In Wisconsin, an “accord and satisfaction” is an agreement to discharge an existing disputed claim, and it constitutes a defense to an action to enforce the claim.[i] An accord and satisfaction requires an offer, an acceptance, and consideration. The offer must be assented to, in order for an accord and satisfaction to exist. Assent does not require mental assent or a “meeting of the minds.” If a check offered by the debtor as full payment for a disputed claim is cashed by the creditor, the creditor is deemed to have accepted the debtor’s conditional offer of full payment notwithstanding any reservations by the creditor.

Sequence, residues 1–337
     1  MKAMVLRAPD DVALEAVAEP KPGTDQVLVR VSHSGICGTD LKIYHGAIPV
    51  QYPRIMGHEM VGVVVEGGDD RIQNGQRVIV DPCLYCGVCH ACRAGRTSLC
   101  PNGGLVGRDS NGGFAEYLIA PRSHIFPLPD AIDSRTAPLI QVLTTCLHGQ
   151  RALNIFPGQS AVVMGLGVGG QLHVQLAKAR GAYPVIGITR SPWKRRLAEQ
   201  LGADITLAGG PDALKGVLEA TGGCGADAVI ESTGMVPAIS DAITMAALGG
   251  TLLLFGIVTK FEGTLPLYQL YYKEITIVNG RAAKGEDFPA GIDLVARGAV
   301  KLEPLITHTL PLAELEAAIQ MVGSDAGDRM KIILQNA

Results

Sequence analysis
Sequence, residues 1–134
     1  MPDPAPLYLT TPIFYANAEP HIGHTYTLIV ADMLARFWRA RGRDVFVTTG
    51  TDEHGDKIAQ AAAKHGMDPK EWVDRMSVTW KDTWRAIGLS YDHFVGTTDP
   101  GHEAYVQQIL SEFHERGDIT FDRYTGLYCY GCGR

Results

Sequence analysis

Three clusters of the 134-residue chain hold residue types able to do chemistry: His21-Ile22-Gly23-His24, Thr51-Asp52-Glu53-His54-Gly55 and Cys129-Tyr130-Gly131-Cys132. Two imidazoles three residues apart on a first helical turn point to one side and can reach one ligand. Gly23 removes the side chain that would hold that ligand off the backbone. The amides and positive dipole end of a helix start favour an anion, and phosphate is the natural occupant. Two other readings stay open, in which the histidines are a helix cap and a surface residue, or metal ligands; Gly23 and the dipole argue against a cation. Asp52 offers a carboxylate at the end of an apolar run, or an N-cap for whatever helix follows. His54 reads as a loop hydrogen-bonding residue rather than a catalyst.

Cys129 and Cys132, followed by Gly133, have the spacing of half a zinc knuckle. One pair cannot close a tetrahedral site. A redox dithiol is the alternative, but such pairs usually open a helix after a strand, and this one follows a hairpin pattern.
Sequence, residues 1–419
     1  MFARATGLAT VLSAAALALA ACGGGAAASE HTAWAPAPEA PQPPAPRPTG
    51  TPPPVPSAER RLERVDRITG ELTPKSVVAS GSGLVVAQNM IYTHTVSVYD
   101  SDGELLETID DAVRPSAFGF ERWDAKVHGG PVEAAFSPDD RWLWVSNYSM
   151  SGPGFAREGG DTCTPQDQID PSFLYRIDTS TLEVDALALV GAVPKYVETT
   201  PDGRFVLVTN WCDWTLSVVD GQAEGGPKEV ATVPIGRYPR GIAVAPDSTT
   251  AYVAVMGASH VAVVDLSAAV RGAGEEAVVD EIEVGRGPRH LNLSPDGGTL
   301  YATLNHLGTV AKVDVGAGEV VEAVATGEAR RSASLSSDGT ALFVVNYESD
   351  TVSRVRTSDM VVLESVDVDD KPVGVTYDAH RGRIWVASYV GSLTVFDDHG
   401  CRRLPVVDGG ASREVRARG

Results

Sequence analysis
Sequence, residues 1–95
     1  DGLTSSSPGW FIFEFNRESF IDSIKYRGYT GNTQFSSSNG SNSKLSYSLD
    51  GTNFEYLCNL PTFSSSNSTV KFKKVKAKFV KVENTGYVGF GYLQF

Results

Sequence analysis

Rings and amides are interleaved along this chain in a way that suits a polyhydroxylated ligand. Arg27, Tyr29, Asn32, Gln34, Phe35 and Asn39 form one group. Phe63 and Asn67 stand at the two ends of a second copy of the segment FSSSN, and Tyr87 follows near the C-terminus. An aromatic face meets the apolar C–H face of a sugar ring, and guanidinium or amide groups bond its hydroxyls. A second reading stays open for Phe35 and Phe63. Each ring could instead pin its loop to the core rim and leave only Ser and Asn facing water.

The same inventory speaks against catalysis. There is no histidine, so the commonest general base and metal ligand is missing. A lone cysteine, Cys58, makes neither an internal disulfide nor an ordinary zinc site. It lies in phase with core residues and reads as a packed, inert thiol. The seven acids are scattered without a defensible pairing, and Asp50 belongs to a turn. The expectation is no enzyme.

The law in Wisconsin is that the resolution of an actual controversy involving some subject of pecuniary value and interest to the parties is sufficient consideration for an accord and satisfaction.[ii] Therefore, an accord and satisfaction would be valid, if it is in consideration of the settlement of the disputes between the parties.
[i] Evers v. Fryer, 1995 Wisc. App. LEXIS 1300 (Wis. Ct. App. Oct. 24, 1995)
[ii] Superior Builders, Inc. v. Large, 52 Wis. 2d 563 (Wis. 1971)